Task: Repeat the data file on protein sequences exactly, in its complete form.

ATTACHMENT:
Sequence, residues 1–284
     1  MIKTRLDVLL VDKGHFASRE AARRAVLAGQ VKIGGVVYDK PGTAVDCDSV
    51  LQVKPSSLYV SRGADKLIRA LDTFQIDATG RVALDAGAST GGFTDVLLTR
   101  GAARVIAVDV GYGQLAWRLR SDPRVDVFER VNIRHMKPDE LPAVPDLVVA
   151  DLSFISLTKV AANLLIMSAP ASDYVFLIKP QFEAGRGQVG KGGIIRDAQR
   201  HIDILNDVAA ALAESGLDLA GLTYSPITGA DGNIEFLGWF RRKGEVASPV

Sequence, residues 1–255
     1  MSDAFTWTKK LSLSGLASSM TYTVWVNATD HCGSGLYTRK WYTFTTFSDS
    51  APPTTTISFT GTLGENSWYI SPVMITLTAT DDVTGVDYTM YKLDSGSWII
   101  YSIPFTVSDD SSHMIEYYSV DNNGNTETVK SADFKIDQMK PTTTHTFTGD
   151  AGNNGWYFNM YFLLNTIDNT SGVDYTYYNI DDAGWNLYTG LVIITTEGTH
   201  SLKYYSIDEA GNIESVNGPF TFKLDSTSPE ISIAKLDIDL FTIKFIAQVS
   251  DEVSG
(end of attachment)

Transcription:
Sequence, residues 1–284
     1  MIKTRLDVLL VDKGHFASRE AARRAVLAGQ VKIGGVVYDK PGTAVDCDSV
    51  LQVKPSSLYV SRGADKLIRA LDTFQIDATG RVALDAGAST GGFTDVLLTR
   101  GAARVIAVDV GYGQLAWRLR SDPRVDVFER VNIRHMKPDE LPAVPDLVVA
   151  DLSFISLTKV AANLLIMSAP ASDYVFLIKP QFEAGRGQVG KGGIIRDAQR
   201  HIDILNDVAA ALAESGLDLA GLTYSPITGA DGNIEFLGWF RRKGEVASPV

Sequence, residues 1–255
     1  MSDAFTWTKK LSLSGLASSM TYTVWVNATD HCGSGLYTRK WYTFTTFSDS
    51  APPTTTISFT GTLGENSWYI SPVMITLTAT DDVTGVDYTM YKLDSGSWII
   101  YSIPFTVSDD SSHMIEYYSV DNNGNTETVK SADFKIDQMK PTTTHTFTGD
   151  AGNNGWYFNM YFLLNTIDNT SGVDYTYYNI DDAGWNLYTG LVIITTEGTH
   201  SLKYYSIDEA GNIESVNGPF TFKLDSTSPE ISIAKLDIDL FTIKFIAQVS
   251  DEVSG